This is nowhere as apparent as in his layouts and figure work, both shining examples of very strong and capable craft holding together a particular retro modern look that has characterized the creator's output. Contrary to Jije's paper thin surroundings, Chaland's "funnies" have a frightfully tense and controlled style, deliberately invoked for just such a story as "Hearts of steel".

Taking the clue of an early Franquin short, Yves has the source of the character's problems be in the same building, living no less than in the apartment upstairs, as if this was a particularly paired down sitcom. But, by climbing to the elderly colonialist, the readers not only find an elderly adventurer surrounded by memorabilia, as in "Spirou and the Pygmies". Instead, theyd discover a man who is terminally ill and melancholic, mourning the disappearance of his African manservant. Seeing such a display of fatherly emotion, and perhaps even hints of stronger affections, was simply unknown in the initial days of Spirou and Fantasio's garishly colored exploits. The man still sets them on a typical adventure quest, but Chaland insists on every so often having a panel that very distinctively challenges the taken for granted innocence that the Franco-Belgian comics were built upon.

Having Fantasio sleepless before the flight is, of course, nothing new and completely in character, but so is his dialogue all Chaland as he actively ponders the nature of his existence, with the awareness of a mature protagonist, as if he has had decades of experience to him. That Spirou routinely shakes off this dilemma, as so many other fixed ideas that his friend has gone through, enables the story to continued with their journey. And Chaland is prepared to return to let go of post modernism for yet another return of the less sinister nostalgia.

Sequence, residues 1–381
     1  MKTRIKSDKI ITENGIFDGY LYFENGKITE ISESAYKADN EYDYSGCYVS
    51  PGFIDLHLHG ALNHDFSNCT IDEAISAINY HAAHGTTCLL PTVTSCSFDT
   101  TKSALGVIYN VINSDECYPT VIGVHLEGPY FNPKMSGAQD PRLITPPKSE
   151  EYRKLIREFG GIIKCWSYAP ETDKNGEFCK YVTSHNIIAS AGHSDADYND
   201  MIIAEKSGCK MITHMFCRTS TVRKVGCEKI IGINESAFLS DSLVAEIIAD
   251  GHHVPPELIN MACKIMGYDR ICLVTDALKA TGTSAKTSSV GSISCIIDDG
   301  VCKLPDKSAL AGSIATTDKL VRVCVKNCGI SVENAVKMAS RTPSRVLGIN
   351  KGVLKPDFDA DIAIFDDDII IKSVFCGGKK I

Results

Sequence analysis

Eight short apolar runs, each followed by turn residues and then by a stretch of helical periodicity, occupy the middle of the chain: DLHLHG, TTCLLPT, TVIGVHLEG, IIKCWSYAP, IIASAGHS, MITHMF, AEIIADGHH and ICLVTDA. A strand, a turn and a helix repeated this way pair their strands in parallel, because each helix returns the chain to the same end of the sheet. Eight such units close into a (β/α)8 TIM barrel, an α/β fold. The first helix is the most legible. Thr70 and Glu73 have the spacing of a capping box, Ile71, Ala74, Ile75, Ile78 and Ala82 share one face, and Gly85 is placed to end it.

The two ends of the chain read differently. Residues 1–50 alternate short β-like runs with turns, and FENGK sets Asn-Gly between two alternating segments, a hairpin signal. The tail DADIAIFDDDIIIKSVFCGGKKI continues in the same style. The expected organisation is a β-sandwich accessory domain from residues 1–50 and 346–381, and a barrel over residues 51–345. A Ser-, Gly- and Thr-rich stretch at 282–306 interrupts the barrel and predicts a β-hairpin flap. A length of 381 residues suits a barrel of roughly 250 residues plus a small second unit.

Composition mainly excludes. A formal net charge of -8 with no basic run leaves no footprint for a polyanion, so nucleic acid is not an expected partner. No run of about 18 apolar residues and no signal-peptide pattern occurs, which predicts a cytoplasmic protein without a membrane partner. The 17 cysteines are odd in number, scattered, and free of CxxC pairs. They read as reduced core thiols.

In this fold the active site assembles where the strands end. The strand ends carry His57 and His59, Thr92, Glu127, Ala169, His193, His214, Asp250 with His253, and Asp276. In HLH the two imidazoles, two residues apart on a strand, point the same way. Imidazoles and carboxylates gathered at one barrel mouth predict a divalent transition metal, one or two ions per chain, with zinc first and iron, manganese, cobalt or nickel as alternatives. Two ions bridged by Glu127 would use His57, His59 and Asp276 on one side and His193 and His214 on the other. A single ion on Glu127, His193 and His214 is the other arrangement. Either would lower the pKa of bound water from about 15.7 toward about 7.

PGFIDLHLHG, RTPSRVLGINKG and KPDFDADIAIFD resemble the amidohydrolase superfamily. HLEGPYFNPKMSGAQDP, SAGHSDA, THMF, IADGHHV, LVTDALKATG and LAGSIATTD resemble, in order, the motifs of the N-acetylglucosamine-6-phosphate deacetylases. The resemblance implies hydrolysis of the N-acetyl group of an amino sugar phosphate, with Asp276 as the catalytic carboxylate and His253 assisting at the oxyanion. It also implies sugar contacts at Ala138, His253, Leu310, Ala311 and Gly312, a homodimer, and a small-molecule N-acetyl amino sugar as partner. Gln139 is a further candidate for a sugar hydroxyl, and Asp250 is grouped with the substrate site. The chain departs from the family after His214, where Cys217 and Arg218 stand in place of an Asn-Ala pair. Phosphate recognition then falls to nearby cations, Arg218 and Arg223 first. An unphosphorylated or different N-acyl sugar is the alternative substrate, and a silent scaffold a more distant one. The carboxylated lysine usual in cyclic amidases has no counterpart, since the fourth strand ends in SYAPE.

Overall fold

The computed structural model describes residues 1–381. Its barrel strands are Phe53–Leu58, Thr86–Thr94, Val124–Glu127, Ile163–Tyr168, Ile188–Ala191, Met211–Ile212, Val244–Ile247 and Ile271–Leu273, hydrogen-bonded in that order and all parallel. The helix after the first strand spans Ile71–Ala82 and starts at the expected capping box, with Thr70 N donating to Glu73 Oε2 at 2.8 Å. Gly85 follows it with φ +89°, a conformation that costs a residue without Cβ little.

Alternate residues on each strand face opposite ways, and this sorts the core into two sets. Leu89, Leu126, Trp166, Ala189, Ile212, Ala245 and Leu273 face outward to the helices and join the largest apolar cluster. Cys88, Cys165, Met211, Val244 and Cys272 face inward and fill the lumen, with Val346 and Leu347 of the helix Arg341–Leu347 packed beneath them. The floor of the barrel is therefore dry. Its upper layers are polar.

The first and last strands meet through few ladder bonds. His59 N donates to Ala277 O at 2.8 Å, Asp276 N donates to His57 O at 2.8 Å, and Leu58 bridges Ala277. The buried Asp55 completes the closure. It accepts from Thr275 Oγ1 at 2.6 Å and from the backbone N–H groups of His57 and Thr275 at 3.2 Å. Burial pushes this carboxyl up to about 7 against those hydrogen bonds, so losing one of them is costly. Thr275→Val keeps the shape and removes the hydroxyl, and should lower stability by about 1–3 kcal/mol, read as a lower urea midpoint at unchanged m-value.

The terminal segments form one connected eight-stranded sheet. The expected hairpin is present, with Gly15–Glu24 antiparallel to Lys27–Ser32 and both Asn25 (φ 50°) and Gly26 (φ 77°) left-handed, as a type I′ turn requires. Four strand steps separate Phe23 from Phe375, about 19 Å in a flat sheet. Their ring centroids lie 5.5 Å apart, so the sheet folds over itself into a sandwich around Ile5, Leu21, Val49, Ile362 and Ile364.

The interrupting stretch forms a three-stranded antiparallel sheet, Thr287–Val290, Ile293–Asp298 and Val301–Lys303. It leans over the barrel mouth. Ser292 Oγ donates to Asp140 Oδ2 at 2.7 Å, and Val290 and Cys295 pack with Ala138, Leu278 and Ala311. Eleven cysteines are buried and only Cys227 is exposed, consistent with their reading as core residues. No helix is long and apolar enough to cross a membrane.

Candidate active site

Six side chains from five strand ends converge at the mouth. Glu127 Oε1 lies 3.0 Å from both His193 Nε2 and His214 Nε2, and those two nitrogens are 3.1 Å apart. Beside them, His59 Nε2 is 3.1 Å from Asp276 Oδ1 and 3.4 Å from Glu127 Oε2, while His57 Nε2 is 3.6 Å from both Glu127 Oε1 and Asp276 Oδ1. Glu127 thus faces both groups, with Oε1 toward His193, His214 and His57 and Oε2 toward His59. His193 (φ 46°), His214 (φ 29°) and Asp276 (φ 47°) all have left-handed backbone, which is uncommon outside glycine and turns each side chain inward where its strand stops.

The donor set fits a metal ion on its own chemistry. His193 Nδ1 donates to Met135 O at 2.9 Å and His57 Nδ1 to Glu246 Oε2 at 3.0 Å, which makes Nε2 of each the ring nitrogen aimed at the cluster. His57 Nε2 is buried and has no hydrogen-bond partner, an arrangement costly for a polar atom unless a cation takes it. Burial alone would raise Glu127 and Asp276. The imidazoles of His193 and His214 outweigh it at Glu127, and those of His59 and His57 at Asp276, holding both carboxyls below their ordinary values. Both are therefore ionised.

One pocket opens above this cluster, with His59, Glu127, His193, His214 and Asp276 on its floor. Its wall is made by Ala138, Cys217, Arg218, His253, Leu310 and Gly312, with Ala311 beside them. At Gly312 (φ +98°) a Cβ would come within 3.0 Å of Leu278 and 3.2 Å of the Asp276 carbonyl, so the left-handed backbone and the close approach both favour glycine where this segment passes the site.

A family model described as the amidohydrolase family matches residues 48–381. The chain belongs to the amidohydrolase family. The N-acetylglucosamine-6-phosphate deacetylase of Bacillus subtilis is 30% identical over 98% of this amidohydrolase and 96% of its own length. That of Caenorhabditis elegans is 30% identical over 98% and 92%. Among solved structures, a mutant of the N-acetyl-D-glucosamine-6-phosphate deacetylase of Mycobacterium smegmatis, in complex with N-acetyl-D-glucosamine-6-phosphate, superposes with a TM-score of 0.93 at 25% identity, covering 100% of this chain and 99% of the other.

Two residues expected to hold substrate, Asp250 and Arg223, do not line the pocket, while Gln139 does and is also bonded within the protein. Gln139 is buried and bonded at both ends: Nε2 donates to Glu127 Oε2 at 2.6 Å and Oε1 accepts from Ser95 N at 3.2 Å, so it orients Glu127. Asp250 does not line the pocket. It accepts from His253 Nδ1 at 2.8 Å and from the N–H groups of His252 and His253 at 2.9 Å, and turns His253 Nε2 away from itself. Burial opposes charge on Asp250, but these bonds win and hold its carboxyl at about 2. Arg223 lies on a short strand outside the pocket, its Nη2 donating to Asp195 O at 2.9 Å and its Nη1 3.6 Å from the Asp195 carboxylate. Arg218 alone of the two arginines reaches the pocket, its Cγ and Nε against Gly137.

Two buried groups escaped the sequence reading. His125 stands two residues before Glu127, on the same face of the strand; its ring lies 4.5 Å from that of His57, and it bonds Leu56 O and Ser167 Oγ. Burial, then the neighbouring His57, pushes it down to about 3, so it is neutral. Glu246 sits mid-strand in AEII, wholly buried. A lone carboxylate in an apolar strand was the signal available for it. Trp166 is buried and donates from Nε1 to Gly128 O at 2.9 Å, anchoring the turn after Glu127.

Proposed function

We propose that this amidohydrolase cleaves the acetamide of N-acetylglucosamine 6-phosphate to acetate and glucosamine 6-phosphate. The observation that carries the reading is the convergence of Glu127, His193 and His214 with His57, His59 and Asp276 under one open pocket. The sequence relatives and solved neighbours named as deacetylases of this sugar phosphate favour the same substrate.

But, such a sequence is as short as the characters' flight, and as soon as they land, the writer/artist is ready to make mention of the reality of an international corporation (called precisely by that name). This actually reveals that Africa that Spirou and Fantastio have flown to is a genuine one, completely at a disarray with the one they encountered in Franquin's initial scenarios.

This is supremely important, as it goes hand in hand with Chaland's retro modern art style. He is revisiting a Golden age locale, and is unprepared to have it be storybook jungle, or even a by the numbers military dictatorship that supplemented it in the later genre depictions. Chaland notably reveals this information by having Spirou say it out loud, while reading the local newspapers. Fascinatingly, this time Fantastio stays in character, responding in a way that could be perceived as racist, if not for his casual ignorance. His demeanor can almost be excused by imagining him having a memory of his highly stereotypical previous adventures.